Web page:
Volume 8 #1
I can’t remember how old I was when I took my first piano lesson, but I suppose I was six or seven. Every single week for the next 13 or so years I sat on the bench and did my best to learn the things my teachers taught me. There were hours of practice, countless recitals and even competitions. Somewhere between Beethoven and Chopin I decided that I wanted to be a real musician and I systematically devoted my life to this desire. My mom must have spent a fortune on my weekly instruction. And then the biggest bill of all…four years of music school. People told me I was good, that I could make it. The faculty was impressed and offered me more scholarship money. I kept practicing – hours a week. I didn’t have the same raw talent as some of my classmates but I was willing to work hard. And I did.
But my Sophomore year I slipped on the ice and spent the night in the ER with wrist pain. The doctor was irritated because the sprain was slight and my pain was disproportionate. I went home with a brace and hopes to be well within a week, but the pain increased. Within months I was having trouble walking and by Spring I was diagnosed with a bone disease.
I still played, though not as much and everything was simpler now. No more Bach and Brahms, now I was too interested in writing my own compositions. I couldn’t seem to get music out of my blood. My mind began to spin again…maybe I still could make it. I could be a composer. I was especially fond of song writing. There was talk, people said I was good enough. I wondered.
And in the midst of it all, my friend invited me to lead music for a group in inner-city kids she worked with in Five Points (at that time an infamous Denver neighborhood). I shrugged my shoulders and came along. In that moment I sat down and played “My God is SO Big” all dreams of being a pianist, of going to Nashville or even of being a music minister faded. I knew that this was what I had practiced all those years for.
That was ten years ago. I’ve long left the world of weekly piano lessons, performances, concert grands and theory. It’s been traded for things like playing on an old church piano for a group of homeless men who come to eat at the church every week. They sit and talk with me, asking me to name songs after them.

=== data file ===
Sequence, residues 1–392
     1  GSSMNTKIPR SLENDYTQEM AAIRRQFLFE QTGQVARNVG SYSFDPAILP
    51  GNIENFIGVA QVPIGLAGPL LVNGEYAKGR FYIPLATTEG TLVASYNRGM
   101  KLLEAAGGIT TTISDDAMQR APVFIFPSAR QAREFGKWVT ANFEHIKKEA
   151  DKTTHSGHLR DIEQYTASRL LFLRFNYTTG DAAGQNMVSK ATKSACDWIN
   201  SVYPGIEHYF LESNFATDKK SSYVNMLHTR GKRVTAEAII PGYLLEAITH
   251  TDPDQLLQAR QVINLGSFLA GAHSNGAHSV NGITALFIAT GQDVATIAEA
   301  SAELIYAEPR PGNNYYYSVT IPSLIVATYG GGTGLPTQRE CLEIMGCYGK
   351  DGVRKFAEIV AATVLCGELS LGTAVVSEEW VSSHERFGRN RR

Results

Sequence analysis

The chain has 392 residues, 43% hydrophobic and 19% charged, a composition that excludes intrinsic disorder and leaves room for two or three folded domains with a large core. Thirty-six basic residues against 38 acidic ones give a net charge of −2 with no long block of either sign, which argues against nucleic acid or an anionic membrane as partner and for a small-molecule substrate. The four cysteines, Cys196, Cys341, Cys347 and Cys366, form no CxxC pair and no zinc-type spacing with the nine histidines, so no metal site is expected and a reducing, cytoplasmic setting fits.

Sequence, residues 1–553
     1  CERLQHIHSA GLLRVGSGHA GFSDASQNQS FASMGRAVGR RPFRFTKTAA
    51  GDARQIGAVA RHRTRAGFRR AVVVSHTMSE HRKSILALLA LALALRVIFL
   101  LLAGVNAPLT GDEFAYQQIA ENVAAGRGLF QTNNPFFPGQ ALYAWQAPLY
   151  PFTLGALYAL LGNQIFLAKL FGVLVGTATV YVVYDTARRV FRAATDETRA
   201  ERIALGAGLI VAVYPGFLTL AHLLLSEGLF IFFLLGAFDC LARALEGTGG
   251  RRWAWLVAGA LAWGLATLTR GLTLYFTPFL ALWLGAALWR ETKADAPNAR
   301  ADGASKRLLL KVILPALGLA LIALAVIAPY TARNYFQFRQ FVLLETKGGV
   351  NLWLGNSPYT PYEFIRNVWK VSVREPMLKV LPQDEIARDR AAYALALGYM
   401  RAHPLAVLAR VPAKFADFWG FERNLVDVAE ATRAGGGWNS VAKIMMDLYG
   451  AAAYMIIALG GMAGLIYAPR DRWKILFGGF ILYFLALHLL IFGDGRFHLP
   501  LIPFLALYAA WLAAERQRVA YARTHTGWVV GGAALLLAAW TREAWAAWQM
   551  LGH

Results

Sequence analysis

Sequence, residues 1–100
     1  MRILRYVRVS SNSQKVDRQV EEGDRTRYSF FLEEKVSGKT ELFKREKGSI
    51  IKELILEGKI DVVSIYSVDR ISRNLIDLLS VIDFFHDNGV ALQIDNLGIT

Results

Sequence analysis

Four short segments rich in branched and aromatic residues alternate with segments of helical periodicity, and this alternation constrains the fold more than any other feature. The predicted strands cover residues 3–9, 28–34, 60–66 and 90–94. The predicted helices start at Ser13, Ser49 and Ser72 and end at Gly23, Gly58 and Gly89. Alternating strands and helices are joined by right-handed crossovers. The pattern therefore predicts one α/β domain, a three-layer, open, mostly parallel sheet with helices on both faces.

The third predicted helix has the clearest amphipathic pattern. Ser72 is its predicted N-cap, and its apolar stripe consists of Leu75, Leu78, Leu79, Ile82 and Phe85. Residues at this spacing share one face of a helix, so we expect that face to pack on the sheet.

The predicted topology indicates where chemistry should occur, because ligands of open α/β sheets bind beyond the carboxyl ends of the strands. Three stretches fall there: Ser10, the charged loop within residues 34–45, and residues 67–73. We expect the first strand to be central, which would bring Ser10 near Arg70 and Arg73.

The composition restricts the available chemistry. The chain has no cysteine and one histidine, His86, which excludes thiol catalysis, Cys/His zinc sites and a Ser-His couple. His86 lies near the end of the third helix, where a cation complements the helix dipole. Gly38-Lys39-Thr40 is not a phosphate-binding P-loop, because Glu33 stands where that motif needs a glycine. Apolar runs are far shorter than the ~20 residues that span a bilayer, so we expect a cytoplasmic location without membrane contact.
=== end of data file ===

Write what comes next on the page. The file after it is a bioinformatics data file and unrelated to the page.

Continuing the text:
No longer do I sit for hours working on a particular hard passage of piano music while the metronome ticks away. Now I’m walking down urban streets with my dog, singing little tunes about God’s faithfulness. In the summers, when school lets out, I buy plastic recorders and give them to kids. We sit on their front stoops and I teach them how to play.
And the kids? They love to sing and dance. We worship, we praise…we laugh and shout. We redefine “joyful noise”. And I’ve never heard anything so beautiful.
I used to write songs for concert pianists and gifted instrumentalists…and now, I sit up well after midnight, writing simple choruses to teach the kids. I can’t play the piano anything like I used to. My hands just don’t move like that anymore. But I could care less. They move like they were meant too.
A few people play in the great concert halls of the world…I never will. I haven’t got the talent or the time. They play for Kings and Heads of State, not to homeless men or simply when the building is empty. They teach prodigies – not kids who have dirt under their nails and not enough food in their stomachs. And their music is flawless but you haven’t heard much until you hear my kids sing.
I have no regrets. This is my Carnegie Hall. My concert of a lifetime.
* all names and identifying details have been changed to protect anonymity. © Amy Beth Barlow